Fidelity National Financial is now requiring lenders to sign a warranty (affidavit?) that their paperwork is sound before it will issue title insurance on a foreclosure. It also requires indemnification from lenders for “incompetent or erroneous affidavit testimony or documentation” as a condition to issuing a title insurance policy in the lender’s favor. There’s a sort of irony to requiring an affidavit from a bank that effectively says any other affidavits issued in conjunction with the foreclosure were properly executed. If they’d lie on the affidavit getting the property to foreclosure, is it too hard to imagine they’d also lie in a subsequent affidavit about its validity?
So, now that the banks are effectively insuring themselves for their own screw-ups, what risk is left to insure? There is a bit, but not much.
There are two basic types of title insurance: Owner’s and lender’s policies. In many respects, they insure the same thing. An owner’s policy protects the owner for problems in the chain of title that might impair his ownership interests, along with ensuring that there are no liens affecting the title (outside the ones, like his mortgage, he knows about). A lender’s policy warrants to the lender that their mortgage lien is a good and defensible property interest in the priority desired (e.g., that it is the first mortgage for a first mortgage transaction). If the owner doesn’t purchase an owner’s policy at purchase, and a title problem later arises, he could lose his interest in the property, even if there is a lender’s policy insuring the mortgage.
Typically, a purchaser of property after a foreclosure (i.e., a purchaser of property acquired by a bank or other lender due to foreclosure) should demand an owner’s policy. But. If he purchases the property with cash, it is not a requirement. In Alabama, and most other states that have adopted uniform title laws, it has to be documented that a purchaser has been informed at closing of his option to purchase an owner’s policy of title insurance if he declines to do so.
But even when a purchaser fails to purchase an owner’s policy, he can always go back to the seller, if he received from them a “warranty” deed. Most corporations issue “statutory warranty deeds”, which have limited protections, yet are better than just a quit-claim deed like some entities try to get by with, which have no protections for the purchaser. Except for a quit-claim deed, it’d be hard to see how a bank could evade liability if its foreclosure paperwork was proven fraudulent in such a way that it impaired a subsequent purchaser’s ownership interests in the property.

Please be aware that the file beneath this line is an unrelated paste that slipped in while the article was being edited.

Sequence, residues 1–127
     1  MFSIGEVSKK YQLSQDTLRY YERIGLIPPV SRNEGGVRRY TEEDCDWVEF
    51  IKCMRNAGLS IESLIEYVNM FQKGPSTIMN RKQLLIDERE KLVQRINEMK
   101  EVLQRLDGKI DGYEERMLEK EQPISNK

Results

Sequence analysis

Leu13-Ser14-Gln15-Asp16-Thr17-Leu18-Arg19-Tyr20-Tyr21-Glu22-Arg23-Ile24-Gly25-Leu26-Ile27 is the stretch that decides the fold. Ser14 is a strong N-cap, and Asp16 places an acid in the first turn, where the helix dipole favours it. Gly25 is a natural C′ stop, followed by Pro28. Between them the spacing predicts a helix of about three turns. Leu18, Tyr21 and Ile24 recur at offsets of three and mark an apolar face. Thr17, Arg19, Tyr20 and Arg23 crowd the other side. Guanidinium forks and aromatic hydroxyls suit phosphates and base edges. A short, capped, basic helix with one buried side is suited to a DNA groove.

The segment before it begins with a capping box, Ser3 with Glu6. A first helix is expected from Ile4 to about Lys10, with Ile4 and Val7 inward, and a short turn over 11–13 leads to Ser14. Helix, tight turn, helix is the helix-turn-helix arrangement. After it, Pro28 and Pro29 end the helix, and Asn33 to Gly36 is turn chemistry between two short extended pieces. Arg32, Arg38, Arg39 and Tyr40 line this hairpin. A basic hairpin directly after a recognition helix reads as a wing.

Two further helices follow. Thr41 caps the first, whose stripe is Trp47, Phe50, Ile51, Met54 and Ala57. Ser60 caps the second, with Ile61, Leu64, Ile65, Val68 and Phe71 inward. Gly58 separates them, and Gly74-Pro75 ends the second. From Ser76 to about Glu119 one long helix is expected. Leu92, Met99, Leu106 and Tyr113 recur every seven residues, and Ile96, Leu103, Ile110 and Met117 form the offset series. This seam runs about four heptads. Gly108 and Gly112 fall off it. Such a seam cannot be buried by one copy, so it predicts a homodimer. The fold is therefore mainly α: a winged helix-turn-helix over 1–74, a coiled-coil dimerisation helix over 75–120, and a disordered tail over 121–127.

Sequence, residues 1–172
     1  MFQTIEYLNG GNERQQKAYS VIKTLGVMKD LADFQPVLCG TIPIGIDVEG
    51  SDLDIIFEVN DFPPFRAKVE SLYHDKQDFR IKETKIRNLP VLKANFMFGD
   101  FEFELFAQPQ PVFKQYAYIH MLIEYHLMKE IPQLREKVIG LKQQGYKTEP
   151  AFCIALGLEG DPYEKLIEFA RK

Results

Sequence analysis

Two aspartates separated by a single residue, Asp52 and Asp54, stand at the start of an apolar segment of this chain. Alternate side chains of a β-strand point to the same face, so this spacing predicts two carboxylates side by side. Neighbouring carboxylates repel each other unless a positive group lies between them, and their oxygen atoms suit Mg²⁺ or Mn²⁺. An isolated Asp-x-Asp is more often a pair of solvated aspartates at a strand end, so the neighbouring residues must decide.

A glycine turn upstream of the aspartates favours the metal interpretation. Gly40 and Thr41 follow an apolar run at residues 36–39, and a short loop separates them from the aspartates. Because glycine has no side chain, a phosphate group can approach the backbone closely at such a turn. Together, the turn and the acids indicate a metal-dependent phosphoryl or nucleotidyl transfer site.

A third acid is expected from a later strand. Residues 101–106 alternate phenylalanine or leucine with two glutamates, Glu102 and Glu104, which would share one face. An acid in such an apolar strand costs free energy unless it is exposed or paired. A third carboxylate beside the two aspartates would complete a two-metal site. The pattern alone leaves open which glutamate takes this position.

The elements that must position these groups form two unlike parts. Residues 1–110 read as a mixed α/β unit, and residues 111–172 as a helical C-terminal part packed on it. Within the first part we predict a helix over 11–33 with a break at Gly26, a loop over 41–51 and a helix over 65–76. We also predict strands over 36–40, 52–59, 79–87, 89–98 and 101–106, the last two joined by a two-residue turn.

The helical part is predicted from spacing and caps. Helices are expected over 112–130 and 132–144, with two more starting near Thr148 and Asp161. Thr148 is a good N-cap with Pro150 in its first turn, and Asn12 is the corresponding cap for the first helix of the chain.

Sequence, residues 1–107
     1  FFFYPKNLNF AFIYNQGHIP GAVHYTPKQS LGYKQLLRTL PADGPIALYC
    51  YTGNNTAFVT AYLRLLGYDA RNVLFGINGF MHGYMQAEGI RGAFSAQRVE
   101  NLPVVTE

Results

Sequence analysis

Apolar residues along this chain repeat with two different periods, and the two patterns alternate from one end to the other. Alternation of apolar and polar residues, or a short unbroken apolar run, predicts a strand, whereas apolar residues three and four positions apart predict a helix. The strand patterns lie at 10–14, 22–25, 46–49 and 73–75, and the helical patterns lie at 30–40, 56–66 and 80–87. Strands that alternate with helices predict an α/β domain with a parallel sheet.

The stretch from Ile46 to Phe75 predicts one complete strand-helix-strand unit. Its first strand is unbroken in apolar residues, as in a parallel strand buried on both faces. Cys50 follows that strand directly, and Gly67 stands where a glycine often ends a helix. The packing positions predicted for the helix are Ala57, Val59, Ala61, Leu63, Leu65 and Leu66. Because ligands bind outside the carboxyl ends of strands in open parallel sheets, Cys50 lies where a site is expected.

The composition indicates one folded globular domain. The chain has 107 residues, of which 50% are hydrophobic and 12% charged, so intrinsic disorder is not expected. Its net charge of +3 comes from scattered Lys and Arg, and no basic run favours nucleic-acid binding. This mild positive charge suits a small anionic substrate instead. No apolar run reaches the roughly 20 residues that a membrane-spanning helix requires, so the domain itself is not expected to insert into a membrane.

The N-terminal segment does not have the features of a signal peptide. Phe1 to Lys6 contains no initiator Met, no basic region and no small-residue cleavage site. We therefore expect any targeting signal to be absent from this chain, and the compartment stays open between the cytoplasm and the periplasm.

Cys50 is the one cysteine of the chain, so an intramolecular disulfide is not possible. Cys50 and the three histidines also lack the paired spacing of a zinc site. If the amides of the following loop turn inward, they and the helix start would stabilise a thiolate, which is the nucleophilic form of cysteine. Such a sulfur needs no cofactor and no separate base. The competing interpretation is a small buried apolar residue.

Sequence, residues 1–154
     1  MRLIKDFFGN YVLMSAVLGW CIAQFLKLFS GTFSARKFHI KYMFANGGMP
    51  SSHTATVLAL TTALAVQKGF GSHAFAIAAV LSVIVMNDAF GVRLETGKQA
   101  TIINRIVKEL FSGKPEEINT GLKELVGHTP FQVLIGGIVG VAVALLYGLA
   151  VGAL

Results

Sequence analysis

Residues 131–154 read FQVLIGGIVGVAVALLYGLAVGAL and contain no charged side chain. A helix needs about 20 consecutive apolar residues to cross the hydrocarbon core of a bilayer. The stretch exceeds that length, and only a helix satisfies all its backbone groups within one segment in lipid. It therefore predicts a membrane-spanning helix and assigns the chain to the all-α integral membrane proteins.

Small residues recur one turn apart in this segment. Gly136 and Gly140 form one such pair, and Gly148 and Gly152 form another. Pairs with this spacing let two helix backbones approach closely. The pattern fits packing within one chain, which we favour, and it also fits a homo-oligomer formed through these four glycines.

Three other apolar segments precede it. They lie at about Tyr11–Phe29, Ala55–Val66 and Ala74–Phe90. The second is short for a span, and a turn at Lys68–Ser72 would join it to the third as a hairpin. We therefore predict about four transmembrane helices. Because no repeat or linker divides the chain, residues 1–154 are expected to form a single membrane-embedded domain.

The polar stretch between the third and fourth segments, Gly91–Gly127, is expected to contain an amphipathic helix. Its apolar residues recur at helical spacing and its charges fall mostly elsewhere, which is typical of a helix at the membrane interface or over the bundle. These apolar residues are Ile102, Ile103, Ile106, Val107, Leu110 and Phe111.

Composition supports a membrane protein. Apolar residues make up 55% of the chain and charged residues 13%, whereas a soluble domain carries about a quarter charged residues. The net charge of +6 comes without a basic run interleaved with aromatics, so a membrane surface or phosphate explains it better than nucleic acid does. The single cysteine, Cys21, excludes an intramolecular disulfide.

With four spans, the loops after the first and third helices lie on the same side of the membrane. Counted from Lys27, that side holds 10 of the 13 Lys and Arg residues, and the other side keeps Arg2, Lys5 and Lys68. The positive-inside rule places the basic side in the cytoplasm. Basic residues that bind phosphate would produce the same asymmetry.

So purchasers of foreclosure properties take note: Don’t accept a quit-claim deed from the bank unless you get an owner’s policy of title insurance.
Now, if the bank is indemnifying itself, why bother with title insurance? Title insurance will protect against back-chain issues, such as improperly notarized deeds or missing heirs. These types of issues arise very rarely, however. And if the foreclosed mortgage is less than ten years old (as almost all are), any issues with the back-chain should have been resolved when the mortgage was originally taken out. So there are some risks an owner’s policy would protect against, but for the prices of these policies (typically $2.5-$6.00/thousand insured), it might be worth it to just forego an owner’s policy for a bank warranty deed. Far and away the most likely source of title problems after a foreclosure is the foreclosure itself, and that was true even before “fraudclosure” hit.